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Written by Mike Buetow   
Saturday, 31 May 2008 19:00
Caveat Lector The recent events in Myanmar and China are unspeakable. At last count, the massive earthquake that rocked central China on May 12 cost at least 50,000 lives and left more than five million homeless. The infrastructure of Sichuan Province – roads, schools, buildings – is no more.

Just 10 days earlier, Myanmar was engulfed in a horrendous cyclone that killed at least 100,000 persons – due to the nation’s secretive military ruling junta, the exact count may never be known – and left up to 2.5 million people destitute.

In China, major electronics manufacturers appear to have escaped damage from the quake. Among the major companies issuing statements, it appears the worst of the damage amounted to a few fallen ceiling tiles. In Chengdu, 55 miles south of the quake’s epicenter, staff and inventories at Intel’s chip test and assembly plant in Chengdu were unhurt, although the company shut down operations temporarily to assess possible damage. In Suzhou, about 600 miles east of the epicenter, home to a host of the world’s top electronics manufacturers and suppliers, some companies are reporting plant closures for inspections, but no injuries or damage have been reported.

Fortunately, the Three Gorges Dam, a nearly 600 ft. high, 1.2-mile long structure that pools the Yangtze River into a lake some 410 miles long, was unscathed. This is critical, as there are a reported 30-plus million people who live adjacent to the dam and whose lives would be at least disrupted, and at worst lost, should it fail.

As I’ve noted before, the Three Gorges Dam is highly controversial because, among other things, it resides atop the Jiuwanxi and Zigui-Badong faults, two of the largest fault lines in Asia. Each time engineers raise the water level in the reservoir, the earth surrounding the dam moves, at times with deadly consequences. In the seven months after engineers increased the reservoir level to 512 ft., in fall 2006, the Chinese Academy of Engineering reported 822 tremors. Next year, plans call for hiking the dam’s water level to its full 575-ft. capacity. When that happens, even more seismic activity is sure to follow, geologists and seismologists are convinced.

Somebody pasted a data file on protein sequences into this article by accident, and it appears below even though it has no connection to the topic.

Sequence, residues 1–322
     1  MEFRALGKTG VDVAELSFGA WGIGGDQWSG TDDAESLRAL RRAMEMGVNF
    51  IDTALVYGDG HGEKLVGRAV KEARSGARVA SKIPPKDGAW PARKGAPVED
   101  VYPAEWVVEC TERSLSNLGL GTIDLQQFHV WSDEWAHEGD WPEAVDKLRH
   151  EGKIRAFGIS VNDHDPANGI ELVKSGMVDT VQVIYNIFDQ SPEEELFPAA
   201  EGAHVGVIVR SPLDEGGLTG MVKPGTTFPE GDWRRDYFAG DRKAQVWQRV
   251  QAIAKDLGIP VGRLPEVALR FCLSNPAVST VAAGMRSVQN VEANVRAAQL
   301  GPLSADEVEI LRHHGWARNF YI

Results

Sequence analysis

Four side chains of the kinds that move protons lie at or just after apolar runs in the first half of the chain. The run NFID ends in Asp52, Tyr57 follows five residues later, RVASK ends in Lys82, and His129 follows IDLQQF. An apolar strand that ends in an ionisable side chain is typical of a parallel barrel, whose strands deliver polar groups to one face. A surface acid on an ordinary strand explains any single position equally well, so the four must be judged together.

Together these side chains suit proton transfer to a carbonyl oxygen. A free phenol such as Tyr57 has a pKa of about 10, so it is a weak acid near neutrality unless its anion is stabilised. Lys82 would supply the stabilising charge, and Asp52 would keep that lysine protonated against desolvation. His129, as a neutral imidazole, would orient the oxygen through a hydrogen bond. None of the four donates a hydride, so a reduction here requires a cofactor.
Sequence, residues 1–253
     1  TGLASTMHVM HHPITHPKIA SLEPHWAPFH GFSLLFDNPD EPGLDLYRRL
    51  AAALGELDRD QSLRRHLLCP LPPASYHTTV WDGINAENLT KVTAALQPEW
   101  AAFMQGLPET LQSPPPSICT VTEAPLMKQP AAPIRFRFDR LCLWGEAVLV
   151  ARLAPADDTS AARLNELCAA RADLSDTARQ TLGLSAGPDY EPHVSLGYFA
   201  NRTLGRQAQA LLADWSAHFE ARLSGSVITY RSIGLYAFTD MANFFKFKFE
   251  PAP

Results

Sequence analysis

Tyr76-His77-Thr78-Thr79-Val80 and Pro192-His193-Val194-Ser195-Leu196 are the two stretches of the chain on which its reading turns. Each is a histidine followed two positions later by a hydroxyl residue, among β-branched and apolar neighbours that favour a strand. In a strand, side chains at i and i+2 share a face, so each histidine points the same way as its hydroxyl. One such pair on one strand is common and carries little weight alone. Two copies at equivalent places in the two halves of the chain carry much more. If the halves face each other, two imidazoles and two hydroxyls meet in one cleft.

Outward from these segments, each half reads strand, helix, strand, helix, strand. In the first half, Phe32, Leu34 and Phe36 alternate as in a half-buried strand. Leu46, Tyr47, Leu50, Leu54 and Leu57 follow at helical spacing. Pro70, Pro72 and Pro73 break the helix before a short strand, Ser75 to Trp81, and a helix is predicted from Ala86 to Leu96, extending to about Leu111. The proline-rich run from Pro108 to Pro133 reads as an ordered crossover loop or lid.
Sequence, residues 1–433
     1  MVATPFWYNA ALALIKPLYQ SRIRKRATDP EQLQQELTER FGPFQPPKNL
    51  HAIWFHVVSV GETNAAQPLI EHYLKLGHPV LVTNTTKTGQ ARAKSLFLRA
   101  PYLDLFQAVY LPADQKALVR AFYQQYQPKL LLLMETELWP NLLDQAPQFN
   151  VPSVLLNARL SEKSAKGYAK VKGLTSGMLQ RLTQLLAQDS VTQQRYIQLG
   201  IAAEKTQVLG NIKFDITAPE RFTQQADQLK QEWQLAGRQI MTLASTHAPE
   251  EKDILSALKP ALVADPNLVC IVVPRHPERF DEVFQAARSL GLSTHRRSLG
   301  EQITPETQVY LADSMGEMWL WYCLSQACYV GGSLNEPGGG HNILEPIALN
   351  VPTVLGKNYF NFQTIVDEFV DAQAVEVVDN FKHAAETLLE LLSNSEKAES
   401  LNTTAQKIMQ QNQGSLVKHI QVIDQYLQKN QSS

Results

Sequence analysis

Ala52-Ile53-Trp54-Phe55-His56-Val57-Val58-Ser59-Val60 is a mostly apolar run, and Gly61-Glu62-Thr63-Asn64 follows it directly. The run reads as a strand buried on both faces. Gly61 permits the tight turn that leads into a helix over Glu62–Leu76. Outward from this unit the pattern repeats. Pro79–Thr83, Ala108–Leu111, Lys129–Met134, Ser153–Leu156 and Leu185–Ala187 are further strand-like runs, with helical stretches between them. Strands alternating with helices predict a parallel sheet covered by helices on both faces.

China and Myanmar are worlds apart in size and global importance, but their rulers share distinct and not-so-positive similarities: a lack of openness, an unwillingness to follow best practices, a lack of institutional oversight, a desperate need to hold onto power at all costs. China has for years followed an aggressive economic expansion strategy, but building-at-any-cost tactics eventually take a toll. And the Chinese government would never cave to international pressure: Doing so would be considered a sign of weakness, an absolute no-no in a nation where “face” trumps all.

In the rush to offer Wall Street a “China solution,” many companies suppressed consideration of the longer-term issues, such as what, exactly, do we do if an earthquake or flood or other catastrophe strikes our main facility (which has happened), or if the government decides to move our plants (ditto) or if, God forbid, China and the US face off in some arena other than sports or world trade?

With China getting more expensive by the day, we are seeing a steady stream of migration to India, Vietnam and other places along the Pacific Rim.

Companies like Intel have long known the wisdom of spreading their eggs among many baskets. The world’s leading microprocessor company has six wafer fabs across three time zones in the US, plus three more in Ireland and Israel. Its assembly and test sites are China, Costa Rica, Malaysia, the Philippines and the US. If tragedy or Mother Nature strikes, Intel is prepared. (And unlike much of Sichuan Province, Intel plants are built to earthquake standards.)

North America may be expensive, occasionally corrupt (Mexico’s specialty), bellicose and politically onerous (that would be the US). It’s also a place where your assets will be protected, where governments are stable, where building codes are demanding and followed, and where risk is, generally speaking, the lowest.

A 7.1 magnitude quake rocks San Francisco in 1989, a scant 50 miles from the heart of Silicon Valley, and just a handful of people die and businesses are up and running in days, if they shut down at all. Hurricane Andrew devastates southern Florida and the panhandle region, but only 15 lives are lost. The two largest buildings in New York City are blown up, and we absorb the hit and go back to business, sadder and wiser, but more unified than ever. I hope China learns its lessons from the Sichuan earthquake. But we would be wise to spread our eggs around, just in case they don’t.

Ed.: Clarification
As a few readers pointed out, the epicenter of the 1989 Loma Prieta earthquake that hit northern California was not San Francisco, but 56 miles away, near Santa Cruz. We regret any confusion.


Last Updated on Monday, 23 June 2008 05:13
 

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